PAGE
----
CNI committed to August deadline as co-chair temporarily departs for Singapore

The revised Committee of National Inquiry (CNI) charged with investigating February’s controversial transfer of power has said it remains committed to releasing its findings later this month, despite its Singaporean co-chair returning to Singapore until August 25.

Former President Mohamed Nasheed’s member on the commission, Ahmed ‘Gahaa’ Saeed, said today that the CNI’s investigations were continuing, despite co-chair G P Selvam – a retired Singaporian Judge – having to return to his home country to work on an arbitration case.

Saeed maintained that the commission’s report was expected to be sent to authorities on August 29, before being publicly released the next day, with Selvam believed to be working on the findings during his trip. Local media, citing a source in the CNI, reported yesterday that Selvam had been out of the country on business since August 3.

Without wanting to discuss the commission’s findings so far, Saeed told Minivan News that in previous cases where Selvam had been called to Singapore, any interviews with “important”, high profile witnesses had been rescheduled to allow him to hear such testimonies.

“When working with international partners, in some cases they will have existing commitments,” he said. “However, the commission’s work is continuing. Right now, [Selvam] is also preparing the report.”

A person familiar with the CNI’s workings meanwhile told Minivan News on condition of anonymity that there was some concern that the absence of the judge’ “may constrain” the panel’s ability to investigate at full capacity.

President’s Office spokesperson Abbas Adil Riza said the government had been aware of Selvam’s plans to return to Singapore, and believed that the CNI’s work would be completed “on schedule”.

“The CNI has not requested any additional time from the government to complete its findings,” he said.

CNI deadline

Earlier this month, Selvam stated at a press conference that the CNI’s findings would not state against whom the state should press possible charges.  He contended that this was for the Prosecutor General (PG) to decide.

Days earlier, former President Maumoon Abdul Gayoom, said he would not accept that the toppling of former President Nasheed’s government on February 7 was a coup d’état, even if the Commission of National Inquiry (CNI)’s report came to such a conclusion.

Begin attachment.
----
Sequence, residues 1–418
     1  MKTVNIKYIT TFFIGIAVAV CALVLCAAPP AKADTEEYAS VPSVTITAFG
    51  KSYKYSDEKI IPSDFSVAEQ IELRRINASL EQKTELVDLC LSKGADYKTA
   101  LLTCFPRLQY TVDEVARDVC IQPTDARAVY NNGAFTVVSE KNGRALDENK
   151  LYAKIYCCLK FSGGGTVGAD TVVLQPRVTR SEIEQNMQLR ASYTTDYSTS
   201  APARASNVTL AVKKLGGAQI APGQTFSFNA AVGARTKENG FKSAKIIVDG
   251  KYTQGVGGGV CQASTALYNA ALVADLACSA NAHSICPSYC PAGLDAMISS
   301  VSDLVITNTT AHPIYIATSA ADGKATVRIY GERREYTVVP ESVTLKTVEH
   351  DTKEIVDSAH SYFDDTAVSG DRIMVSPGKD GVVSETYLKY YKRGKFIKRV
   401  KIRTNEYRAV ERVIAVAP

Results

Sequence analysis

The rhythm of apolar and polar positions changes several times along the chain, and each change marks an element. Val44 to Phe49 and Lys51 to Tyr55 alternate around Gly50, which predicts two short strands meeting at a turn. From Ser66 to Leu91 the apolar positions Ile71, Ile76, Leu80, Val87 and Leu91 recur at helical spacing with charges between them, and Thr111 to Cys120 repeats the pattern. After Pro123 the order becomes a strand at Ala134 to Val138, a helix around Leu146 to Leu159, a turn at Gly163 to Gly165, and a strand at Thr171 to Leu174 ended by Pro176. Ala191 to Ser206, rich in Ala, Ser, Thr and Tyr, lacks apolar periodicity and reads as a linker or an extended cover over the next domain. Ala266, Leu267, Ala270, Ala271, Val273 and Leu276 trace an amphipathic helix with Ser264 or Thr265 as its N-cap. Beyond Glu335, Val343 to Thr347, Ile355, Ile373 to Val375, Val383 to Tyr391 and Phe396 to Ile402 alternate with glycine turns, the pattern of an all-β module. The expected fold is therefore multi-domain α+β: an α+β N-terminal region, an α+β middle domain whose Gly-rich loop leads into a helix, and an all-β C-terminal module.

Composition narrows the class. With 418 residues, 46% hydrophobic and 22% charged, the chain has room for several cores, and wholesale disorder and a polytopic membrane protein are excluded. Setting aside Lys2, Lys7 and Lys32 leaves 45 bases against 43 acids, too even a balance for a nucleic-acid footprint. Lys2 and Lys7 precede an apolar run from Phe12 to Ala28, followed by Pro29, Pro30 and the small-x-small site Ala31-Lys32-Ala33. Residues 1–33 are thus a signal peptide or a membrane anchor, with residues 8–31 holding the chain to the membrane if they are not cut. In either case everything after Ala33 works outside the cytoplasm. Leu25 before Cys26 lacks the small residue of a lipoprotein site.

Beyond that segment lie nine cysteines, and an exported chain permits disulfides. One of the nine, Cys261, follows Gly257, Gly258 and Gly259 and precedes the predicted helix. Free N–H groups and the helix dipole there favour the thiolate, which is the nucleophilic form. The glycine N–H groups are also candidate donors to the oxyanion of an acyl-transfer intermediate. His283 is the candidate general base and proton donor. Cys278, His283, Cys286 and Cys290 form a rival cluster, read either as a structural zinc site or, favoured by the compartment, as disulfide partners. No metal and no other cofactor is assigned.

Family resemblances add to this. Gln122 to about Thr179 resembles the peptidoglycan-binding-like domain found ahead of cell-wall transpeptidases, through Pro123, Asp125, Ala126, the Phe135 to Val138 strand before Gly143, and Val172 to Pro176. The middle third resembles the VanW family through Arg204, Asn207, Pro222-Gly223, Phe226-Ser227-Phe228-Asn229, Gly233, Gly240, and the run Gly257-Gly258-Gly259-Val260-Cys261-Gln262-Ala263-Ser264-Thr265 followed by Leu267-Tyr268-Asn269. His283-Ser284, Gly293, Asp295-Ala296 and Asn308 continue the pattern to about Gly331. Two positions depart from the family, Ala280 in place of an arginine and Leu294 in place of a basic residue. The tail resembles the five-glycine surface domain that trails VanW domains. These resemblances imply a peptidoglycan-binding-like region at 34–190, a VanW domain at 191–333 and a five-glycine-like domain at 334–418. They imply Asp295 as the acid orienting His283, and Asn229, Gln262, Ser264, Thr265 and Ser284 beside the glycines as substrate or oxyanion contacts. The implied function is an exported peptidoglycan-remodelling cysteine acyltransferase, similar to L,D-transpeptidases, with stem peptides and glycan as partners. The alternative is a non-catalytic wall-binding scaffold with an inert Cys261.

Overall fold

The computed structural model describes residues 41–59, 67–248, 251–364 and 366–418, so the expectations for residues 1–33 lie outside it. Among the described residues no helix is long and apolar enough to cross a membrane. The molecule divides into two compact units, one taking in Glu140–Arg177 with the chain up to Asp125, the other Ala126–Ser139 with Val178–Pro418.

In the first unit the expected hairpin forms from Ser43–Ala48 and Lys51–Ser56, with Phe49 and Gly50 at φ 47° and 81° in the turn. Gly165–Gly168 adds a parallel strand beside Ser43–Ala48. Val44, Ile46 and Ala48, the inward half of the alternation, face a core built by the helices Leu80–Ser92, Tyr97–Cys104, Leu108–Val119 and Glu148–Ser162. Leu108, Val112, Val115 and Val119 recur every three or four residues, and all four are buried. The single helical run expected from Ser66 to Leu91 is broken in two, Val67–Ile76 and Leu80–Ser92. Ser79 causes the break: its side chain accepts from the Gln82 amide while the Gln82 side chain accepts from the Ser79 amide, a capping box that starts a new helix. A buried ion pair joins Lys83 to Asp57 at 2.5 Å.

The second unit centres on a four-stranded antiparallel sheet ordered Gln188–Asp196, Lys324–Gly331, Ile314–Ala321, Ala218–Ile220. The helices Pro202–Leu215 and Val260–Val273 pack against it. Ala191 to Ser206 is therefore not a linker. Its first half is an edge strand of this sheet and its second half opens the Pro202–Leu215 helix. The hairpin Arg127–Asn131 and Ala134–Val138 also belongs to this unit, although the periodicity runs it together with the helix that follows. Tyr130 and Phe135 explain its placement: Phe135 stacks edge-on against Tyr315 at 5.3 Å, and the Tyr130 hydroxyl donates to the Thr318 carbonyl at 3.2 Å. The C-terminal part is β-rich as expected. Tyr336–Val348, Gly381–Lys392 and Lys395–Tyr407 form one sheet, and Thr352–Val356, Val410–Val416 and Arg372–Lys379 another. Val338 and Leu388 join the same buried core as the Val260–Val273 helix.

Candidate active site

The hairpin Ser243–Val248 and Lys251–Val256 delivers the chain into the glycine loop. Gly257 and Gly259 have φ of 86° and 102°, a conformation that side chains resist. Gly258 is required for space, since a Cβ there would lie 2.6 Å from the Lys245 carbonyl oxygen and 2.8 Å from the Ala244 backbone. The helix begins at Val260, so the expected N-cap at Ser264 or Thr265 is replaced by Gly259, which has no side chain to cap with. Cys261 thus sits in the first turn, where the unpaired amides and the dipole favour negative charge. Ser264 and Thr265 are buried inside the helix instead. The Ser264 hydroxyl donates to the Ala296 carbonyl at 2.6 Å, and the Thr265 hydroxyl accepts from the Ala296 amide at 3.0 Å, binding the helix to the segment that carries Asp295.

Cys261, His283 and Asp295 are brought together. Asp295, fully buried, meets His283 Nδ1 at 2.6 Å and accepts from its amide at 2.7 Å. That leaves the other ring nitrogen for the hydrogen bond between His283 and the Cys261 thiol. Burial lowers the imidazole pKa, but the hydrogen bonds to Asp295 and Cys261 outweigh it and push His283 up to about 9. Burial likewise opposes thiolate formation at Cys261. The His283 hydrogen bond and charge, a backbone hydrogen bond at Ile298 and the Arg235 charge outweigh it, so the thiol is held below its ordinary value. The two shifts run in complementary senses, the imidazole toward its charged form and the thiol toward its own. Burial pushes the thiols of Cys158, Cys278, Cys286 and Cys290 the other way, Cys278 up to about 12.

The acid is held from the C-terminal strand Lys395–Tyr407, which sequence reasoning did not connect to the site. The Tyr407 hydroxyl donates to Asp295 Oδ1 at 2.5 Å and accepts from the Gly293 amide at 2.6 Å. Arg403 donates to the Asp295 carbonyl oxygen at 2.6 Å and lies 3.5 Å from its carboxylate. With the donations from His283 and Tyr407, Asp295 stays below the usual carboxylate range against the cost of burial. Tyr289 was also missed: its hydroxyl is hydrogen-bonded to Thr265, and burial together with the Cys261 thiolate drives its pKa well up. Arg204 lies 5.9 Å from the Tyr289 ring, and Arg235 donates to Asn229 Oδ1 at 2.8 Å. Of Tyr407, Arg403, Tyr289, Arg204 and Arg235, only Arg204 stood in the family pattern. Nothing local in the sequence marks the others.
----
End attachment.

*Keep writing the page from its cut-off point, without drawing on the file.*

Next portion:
Initially, the commission was mandated to release its findings on July 31, but CNI members stated that their final report will be delayed, after hundreds of people have come forward offering new information.

Selvam at the time said that the new date for the report’s completion would be the end of August, which was later approved by the government.

Saeed said at the time that 244 people had registered to provide information to the commission following the reforming of the CNI.

“There has been a lot of interest. We will speak to each and every single one,” he said.

The new names joined the 87 spoken to by the government’s original three member panel, taking the total number of contributors to 331.

“That’s one contributor for every 1000 of population,” Saeed remarked.

Following the remarks by the commission, President Mohamed Waheed Hassan extended the deadline by which the CNI must conclude its report into February’s transfer of power by August 30, 2012.

The first three-member CNI was appointed by President Mohamed Waheed, following a police and military mutiny and Nasheed’s resignation, in what he and his party have described as a coup d’état.

Facing pressure from the Commonwealth and civil society NGOs, the government eventually agreed to reform the commission to include a retired Singaporean judge and a representative for Nasheed.

The former CNI subsequently released a ‘timeline’ into events that took place from January 16 to February 7.

The MDP accused the commission of trying to prejudice the work of new commission, and then released its own version of events in response – the ‘Ameen- Aslam’ report based on interviews with the security services. The government described the publication of this report as a “terrorist act”.